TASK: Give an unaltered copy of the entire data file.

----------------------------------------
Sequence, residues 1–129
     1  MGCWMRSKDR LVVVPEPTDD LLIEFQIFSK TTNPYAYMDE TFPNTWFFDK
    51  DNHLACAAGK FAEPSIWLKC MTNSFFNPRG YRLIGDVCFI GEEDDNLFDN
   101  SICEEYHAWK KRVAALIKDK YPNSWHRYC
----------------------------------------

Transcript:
Sequence, residues 1–129
     1  MGCWMRSKDR LVVVPEPTDD LLIEFQIFSK TTNPYAYMDE TFPNTWFFDK
    51  DNHLACAAGK FAEPSIWLKC MTNSFFNPRG YRLIGDVCFI GEEDDNLFDN
   101  SICEEYHAWK KRVAALIKDK YPNSWHRYC